- 15.Caridi G, Gigante M, Ravani P, Trivelli A, Barbano G, Scolari F, Dagnino M, Murer L, Murtas C, Edefonti A, Allegri L, Amore A, Coppo R, Emma F, De Palo T, Penza R, Gesualdo L, Ghiggeri GM (2009) Clinical features and long-term outcome of nephrotic syndrome associated with heterozygous NPHS1 and NPHS2 mutations. Clin J Am Soc Nephrol 4(6):1065–1072CrossRefPubMedPubMedCentralGoogle Scholar
- 18.Ruf RG, Schultheiss M, Lichtenberger A, Karle SM, Zalewski I, Mucha B, Everding AS, Neuhaus T, Patzer L, Plank C, Haas JP, Ozaltin F, Imm A, Fuchshuber A, Bakkaloglu A, Hildebrandt F, Group APNS (2004) Prevalence of WT1 mutations in a large cohort of patients with steroid-resistant and steroid-sensitive nephrotic syndrome. Kidney Int 66(2):564–570CrossRefPubMedGoogle Scholar
- 19.Gee HY, Ashraf S, Wan X, Vega-Warner V, Esteve-Rudd J, Lovric S, Fang H, Hurd TW, Sadowski CE, Allen SJ, Otto EA, Korkmaz E, Washburn J, Levy S, Williams DS, Bakkaloglu SA, Zolotnitskaya A, Ozaltin F, Zhou W, Hildebrandt F (2014) Mutations in EMP2 cause childhood-onset nephrotic syndrome. Am J Hum Genet 94(6):884–890CrossRefPubMedPubMedCentralGoogle Scholar
- 21.Gbadegesin RA, Adeyemo A, Webb NJ, Greenbaum LA, Abeyagunawardena A, Thalgahagoda S, Kale A, Gipson D, Srivastava T, Lin JJ, Chand D, Hunley TE, Brophy PD, Bagga A, Sinha A, Rheault MN, Ghali J, Nicholls K, Abraham E, Janjua HS, Omoloja A, Barletta GM, Cai Y, Milford DD, O'Brien C, Awan A, Belostotsky V, Smoyer WE, Homstad A, Hall G, Wu G, Nagaraj S, Wigfall D, Foreman J, Winn MP, Mid-West Pediatric Nephrology C (2015) HLA-DQA1 and PLCG2 are candidate risk loci for childhood-onset steroid-sensitive nephrotic syndrome. J Am Soc Nephrol 26(7):1701–1710CrossRefPubMedGoogle Scholar
- 27.Lek M, Karczewski KJ, Minikel EV, Samocha KE, Banks E, Fennell T, O’Donnell-Luria AH, Ware JS, Hill AJ, Cummings BB, Tukiainen T, Birnbaum DP, Kosmicki JA, Duncan LE, Estrada K, Zhao F, Zou J, Pierce-Hoffman E, Berghout J, Cooper DN, Deflaux N, DePristo M, Do R, Flannick J, Fromer M, Gauthier L, Goldstein J, Gupta N, Howrigan D, Kiezun A, Kurki MI, Moonshine AL, Natarajan P, Orozco L, Peloso GM, Poplin R, Rivas MA, Ruano-Rubio V, Rose SA, Ruderfer DM, Shakir K, Stenson PD, Stevens C, Thomas BP, Tiao G, Tusie-Luna MT, Weisburd B, Won HH, Yu D, Altshuler DM, Ardissino D, Boehnke M, Danesh J, Donnelly S, Elosua R, Florez JC, Gabriel SB, Getz G, Glatt SJ, Hultman CM, Kathiresan S, Laakso M, McCarroll S, McCarthy MI, McGovern D, McPherson R, Neale BM, Palotie A, Purcell SM, Saleheen D, Scharf JM, Sklar P, Sullivan PF, Tuomilehto J, Tsuang MT, Watkins HC, Wilson JG, Daly MJ, MacArthur DG, Exome Aggregation C (2016) Analysis of protein-coding genetic variation in 60,706 humans. Nature 536(7616):285–291CrossRefPubMedPubMedCentralGoogle Scholar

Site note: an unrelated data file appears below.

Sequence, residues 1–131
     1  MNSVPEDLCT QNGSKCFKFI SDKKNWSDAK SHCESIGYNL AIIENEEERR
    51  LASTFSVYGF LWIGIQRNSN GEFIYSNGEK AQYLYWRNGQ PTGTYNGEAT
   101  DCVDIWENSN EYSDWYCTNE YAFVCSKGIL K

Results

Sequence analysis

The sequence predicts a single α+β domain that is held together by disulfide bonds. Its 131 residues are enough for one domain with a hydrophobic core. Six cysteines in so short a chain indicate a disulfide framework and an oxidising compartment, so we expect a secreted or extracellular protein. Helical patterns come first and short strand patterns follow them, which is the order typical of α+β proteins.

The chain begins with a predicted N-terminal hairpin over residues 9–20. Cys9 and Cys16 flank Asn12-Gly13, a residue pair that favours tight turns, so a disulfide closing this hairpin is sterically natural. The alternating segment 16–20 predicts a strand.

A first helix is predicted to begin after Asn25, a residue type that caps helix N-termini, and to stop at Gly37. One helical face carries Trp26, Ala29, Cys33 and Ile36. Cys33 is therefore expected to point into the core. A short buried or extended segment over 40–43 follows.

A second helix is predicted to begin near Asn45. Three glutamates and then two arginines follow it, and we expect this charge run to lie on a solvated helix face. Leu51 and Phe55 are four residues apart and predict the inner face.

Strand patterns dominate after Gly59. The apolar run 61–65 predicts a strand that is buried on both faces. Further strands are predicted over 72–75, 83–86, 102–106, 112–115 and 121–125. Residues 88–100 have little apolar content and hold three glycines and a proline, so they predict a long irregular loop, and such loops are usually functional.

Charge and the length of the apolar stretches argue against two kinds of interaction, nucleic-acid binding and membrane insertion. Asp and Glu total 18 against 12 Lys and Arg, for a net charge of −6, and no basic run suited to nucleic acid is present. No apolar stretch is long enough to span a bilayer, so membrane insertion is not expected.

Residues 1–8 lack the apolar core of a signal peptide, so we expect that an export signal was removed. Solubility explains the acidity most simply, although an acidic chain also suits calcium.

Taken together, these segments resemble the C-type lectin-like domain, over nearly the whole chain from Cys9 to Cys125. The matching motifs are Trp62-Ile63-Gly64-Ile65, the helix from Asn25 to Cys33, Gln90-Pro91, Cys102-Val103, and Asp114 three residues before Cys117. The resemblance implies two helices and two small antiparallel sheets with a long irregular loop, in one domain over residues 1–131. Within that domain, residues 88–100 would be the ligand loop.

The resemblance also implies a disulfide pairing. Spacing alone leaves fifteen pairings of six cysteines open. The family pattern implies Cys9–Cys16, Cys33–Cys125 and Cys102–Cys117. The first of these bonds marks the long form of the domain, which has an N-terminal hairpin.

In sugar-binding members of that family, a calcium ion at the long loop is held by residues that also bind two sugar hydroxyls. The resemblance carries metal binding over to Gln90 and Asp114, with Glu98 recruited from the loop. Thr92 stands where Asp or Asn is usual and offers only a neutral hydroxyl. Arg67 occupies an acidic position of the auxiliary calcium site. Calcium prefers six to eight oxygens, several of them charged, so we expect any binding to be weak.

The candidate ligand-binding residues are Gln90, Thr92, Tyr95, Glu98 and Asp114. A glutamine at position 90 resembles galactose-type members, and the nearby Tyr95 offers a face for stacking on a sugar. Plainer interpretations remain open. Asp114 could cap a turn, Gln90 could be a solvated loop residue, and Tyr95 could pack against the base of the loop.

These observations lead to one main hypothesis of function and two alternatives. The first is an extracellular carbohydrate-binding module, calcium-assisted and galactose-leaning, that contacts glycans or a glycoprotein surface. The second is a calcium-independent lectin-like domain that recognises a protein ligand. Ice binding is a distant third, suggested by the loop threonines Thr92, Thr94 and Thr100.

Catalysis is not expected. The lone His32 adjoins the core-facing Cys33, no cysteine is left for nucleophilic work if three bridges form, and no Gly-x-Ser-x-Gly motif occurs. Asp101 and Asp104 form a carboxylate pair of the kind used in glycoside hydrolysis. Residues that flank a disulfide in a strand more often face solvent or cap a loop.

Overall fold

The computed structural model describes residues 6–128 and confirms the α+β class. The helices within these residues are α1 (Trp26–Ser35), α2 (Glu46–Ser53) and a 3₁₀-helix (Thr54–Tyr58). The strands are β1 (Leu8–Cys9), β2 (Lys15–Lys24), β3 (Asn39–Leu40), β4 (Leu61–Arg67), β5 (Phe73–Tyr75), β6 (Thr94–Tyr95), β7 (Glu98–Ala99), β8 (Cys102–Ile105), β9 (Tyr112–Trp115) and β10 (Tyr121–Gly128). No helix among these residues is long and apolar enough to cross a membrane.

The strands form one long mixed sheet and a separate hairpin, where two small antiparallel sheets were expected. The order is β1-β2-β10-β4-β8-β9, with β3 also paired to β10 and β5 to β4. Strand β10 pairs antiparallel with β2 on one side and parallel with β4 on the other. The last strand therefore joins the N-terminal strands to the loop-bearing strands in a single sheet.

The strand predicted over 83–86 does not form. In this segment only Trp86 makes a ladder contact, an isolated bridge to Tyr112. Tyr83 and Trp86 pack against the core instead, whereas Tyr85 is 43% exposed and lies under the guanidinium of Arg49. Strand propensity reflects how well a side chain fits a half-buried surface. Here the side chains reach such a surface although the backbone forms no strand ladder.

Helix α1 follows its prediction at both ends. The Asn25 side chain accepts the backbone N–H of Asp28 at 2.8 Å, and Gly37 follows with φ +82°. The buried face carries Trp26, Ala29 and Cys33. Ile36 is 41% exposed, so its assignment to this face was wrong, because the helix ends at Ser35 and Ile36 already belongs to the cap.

- 28.Boyer O, Lipska-Zietkiewicz B, Gribouval O, Nitschke P, Bole C, Rothier A, Schaefer F, Antignac C (2014) Rationalizing the genetic diagnosis of SRNS/FSGS using next generation sequencing kits. J Am Soc Nephrol 25:172AGoogle Scholar
- 46.Takemoto M, He L, Norlin J, Patrakka J, Xiao Z, Petrova T, Bondjers C, Asp J, Wallgard E, Sun Y, Samuelsson T, Mostad P, Lundin S, Miura N, Sado Y, Alitalo K, Quaggin SE, Tryggvason K, Betsholtz C (2006) Large-scale identification of genes implicated in kidney glomerulus development and function. EMBO J 25(5):1160–1174CrossRefPubMedPubMedCentralGoogle Scholar
- 48.International Study of Kidney Disease in Children.(1981) The primary nephrotic syndrome in children. Identification of patients with minimal change nephrotic syndrome from initial response to prednisone. A report of the International Study of Kidney Disease in Children. J Pediatr 98(4):561–564CrossRefGoogle Scholar